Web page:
I was very pleased to be approached, in December, by Touchstones, Rochdale’s Art Gallery and Museum, asking if I’d agree to be a featured artist in the Gallery shop. After a successful Christmas Market I took a portfolio of images along and agreed the range that would be on sale, and the pricing.
As of today, 13th January, some my work is for sale in the gallery shop for the first time. The Touchstones gallery and museum is well worth a visit and is open from Wednesday to Saturday from 10.00am to 5.00pm and on Sundays from 10.00am to 4.00pm and admission of free of change.
There are handmade linocut prints in two sizes, greeting cards, photographic prints, Rochdale postcards and copies of my poetry book, Thinking TooMuch.
Over the next few weeks I will be adding some recently completed greeting card designs and a number of giclee prints.
Over the next few days I’ll be adding more items including handmade prints, photographic prints and postcards.
Folksy is the online shopping home of British Craft where you can find thousands of pieces created by artists, designers and makers working in studios and at kitchen tables across the UK.
So if you’re looking for that perfect original gift or you want to shop small, shop independent and give handmade, we suggest sitting down with a cuppa and having a look through the amazing creations on Folksy – all made by clever hands crafting away across the British Isles.
Folksy has original art and prints for your wall, hand-knitted scarves and gloves to keep you snug, beautiful designer jewellery, studio pottery and handmade ceramics for your table and your shelves, as well as hand-printed cushions, crochet blankets and original textiles and decor for your home and so much more. What will you discover on Folksy today?
And of course, from today, Folksy has original works from OnePoetsVision too.
This evening Rochdale was damp, varying between drizzle and rain, and it was anything but warm.
The crowds however were out in force for the opening of the Gaia Installation and the switching on of the Christmas lights. We were entertained by street theatre with some very impressive drummers and circus skills.
The highlights included an aerial show by an artist suspended from a balloon floating over Riverside and a couple of spectacular peacock puppets.
The lights were lit, the crowds cheered and applauded and the Gaia exhibit spun slowly as hundreds of people looked on and took their photos and selfies of themselves and their children holding up Planet Earth.
The entertainment reached its conclusion and the coffee shops did a roaring trade as people headed home or to the shops. Once again Rochdale had done itself proud.
Today I delivered the first workshop of the Climate Worx project. With a total of six workshop sessions we will look at writing about the climate, climate change, our environment and the world we live in. We’ll draw on our reactions to the Gaia installation opening this Saturday, 20th November, at Number One Riverside in Rochdale and we’ll share our ideas, tips, techniques and stories.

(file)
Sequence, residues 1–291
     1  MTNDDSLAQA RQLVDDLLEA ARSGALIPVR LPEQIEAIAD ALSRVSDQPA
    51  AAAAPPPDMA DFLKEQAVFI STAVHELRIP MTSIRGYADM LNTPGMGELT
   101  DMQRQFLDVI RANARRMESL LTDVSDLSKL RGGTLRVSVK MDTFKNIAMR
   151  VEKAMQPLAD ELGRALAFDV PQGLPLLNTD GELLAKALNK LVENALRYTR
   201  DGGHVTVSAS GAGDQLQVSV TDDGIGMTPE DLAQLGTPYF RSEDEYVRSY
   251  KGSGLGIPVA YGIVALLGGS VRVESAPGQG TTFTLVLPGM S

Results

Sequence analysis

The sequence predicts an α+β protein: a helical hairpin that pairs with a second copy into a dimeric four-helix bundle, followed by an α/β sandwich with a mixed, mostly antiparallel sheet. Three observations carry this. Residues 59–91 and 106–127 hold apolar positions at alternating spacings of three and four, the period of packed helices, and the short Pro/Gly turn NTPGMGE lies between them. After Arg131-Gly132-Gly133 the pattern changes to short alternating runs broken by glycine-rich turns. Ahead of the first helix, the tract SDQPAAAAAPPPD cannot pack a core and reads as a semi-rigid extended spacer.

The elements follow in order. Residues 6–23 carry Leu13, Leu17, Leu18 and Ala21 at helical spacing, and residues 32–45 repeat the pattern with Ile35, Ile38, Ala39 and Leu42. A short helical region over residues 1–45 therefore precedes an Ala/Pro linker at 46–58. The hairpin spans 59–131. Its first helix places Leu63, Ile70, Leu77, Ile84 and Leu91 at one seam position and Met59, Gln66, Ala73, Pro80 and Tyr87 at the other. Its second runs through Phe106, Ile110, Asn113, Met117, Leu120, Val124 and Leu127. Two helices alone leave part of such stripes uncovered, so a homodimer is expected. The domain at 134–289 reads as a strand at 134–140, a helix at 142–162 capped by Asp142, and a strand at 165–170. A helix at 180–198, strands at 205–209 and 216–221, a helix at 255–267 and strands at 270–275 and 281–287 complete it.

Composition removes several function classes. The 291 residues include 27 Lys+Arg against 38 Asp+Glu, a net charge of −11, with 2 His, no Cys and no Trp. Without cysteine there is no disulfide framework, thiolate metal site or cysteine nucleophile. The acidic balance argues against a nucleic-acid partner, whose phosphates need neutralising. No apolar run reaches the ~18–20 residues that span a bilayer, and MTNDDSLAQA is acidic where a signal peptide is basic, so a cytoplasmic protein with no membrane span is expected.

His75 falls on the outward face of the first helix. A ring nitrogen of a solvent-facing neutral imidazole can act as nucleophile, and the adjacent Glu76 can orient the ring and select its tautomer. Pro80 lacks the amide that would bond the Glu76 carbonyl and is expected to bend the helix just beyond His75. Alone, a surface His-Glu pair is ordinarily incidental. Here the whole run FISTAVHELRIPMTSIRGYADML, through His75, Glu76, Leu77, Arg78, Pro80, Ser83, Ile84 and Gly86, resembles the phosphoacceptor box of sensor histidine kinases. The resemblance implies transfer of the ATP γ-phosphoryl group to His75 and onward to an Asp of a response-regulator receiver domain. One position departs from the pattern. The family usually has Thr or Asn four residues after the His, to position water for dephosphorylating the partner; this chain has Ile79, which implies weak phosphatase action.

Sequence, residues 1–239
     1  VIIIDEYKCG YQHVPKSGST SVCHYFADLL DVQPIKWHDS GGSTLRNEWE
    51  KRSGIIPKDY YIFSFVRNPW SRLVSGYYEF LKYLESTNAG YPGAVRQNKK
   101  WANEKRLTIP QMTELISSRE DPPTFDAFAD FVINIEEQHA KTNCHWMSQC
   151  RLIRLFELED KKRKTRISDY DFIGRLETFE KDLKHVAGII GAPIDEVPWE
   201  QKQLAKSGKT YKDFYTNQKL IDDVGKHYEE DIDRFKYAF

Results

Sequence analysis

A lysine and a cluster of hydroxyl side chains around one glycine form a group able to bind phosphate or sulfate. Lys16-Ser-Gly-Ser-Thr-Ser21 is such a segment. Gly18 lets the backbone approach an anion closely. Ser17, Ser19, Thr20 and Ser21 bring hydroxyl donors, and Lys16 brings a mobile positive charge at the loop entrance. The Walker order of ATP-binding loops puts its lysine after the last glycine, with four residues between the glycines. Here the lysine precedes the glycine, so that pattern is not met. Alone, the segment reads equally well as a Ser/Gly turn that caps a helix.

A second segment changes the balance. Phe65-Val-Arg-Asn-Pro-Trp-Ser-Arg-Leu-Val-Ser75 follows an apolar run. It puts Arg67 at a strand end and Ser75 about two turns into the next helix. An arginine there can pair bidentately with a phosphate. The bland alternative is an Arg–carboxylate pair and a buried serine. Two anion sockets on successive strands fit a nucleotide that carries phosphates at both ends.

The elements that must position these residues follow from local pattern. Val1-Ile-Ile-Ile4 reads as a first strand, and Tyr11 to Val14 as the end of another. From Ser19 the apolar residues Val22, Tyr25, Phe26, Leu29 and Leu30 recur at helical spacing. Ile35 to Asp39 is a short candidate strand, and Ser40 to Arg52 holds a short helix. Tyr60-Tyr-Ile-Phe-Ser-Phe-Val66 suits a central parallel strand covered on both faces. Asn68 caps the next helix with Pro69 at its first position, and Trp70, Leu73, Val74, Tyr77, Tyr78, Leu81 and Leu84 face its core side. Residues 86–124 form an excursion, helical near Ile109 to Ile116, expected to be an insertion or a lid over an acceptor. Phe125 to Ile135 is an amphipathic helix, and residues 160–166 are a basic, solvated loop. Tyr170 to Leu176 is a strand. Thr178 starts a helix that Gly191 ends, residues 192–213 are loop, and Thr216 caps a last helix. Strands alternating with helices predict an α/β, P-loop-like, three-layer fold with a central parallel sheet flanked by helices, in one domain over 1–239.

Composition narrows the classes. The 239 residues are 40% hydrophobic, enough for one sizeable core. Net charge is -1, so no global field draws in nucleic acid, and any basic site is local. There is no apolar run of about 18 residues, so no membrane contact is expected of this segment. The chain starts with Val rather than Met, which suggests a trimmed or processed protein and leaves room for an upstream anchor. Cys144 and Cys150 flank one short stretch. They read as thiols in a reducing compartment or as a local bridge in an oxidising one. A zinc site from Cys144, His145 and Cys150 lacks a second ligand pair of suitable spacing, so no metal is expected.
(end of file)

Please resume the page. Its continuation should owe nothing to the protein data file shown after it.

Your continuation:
Todays workshop was hosted by Eileen Earnshaw and Falinge Writers, the new group that itself launched just a week ago, with the meeting room provided by Vintage Worx. The Falinge Writers group will meet weekly on Thursday mornings from 10.00 to 12.00. Next week Eileen will deliver her workshop looking at prose poetry.
The group really has got off to a flying start with new faces and some familiar ones and the atmosphere and creativity has been great. The quality and variety of writing is always inspiring and it seems that if you put a dozen people in a room you’ll get at least a baker’s dozen of ideas and approaches. In several examples of writing today, whilst writing about climate change, a theme of cooperation shone through, and that is perhaps the most important value for any group of creatives, whether in writing, art, music or other genres.
The next workshop in the Climate Worx project will take place at Number One Riverside on 2nd December from 10.00 to 12.00 so that we can explore our reactions to seeing the massive impression of our planet close up. Anyone who would like to be part of the group and this project but who can’t make it on the day can message me and I’ll share the notes and prompts for the session which you can use for your own visit.
The end point of the project, but of course not the ideas, writing, discussion and sharing, will be the launch of our pamphlet scheduled for 17th March (St. Patrick’s Day) 2022. We’ll make sure everyone has submission guidelines for the pamphlet and all members of the group will receive free copies.
This afternoon I’ve been making some prints ready for the first ever Touchstones Christmas Market.
This is an artists and makers market so you’ll have a chance to browse and buy goods from local creators who will be happy to tell you about their work
The market will feature arts, crafts and handmade goods just in time for those last Christmas gifts and cards. The market will take place on Saturday 11th and Sunday 11th December and will be open from 10:00am to 4:00pm on both days.
I’ll be bringing a range of greeting cards, hand-pulled prints, photography and books.
I’m sure there will be a great range of products from local creators and it promises be a great event.
Like most people I had been aware of Vincent van Gogh from secondary school onwards. Only after a visit to the National Gallery in London did I come to appreciate his art. On that day in a room full of stunning paintings by Monet, Cezanne, Renoir, Degas and Manet there was one painting that, for me, stole the show. That painting was on of Van Gogh’s series of paintings of sunflowers. I’d seen them in books and projected on screens and they hadn’t really impacted me. But on that day in 2003 this painting glowed almost as if it had been backlit, and I stood and looked closely at it before sitting on the bench to soak it in for a while. From that day I understood why Don MacLean had sung about Vincent and I wanted to know more.
Over the next couple of years I was fortunate to visit the Van Gogh Museum in Amsterdam, twice, where I learned a great deal more about the man, his art, his writing and of course his mental health. If he were a musician or a sportsman then you’d call me a fan. With that in mind when we saw the event in Media City advertised we were really keen to go along.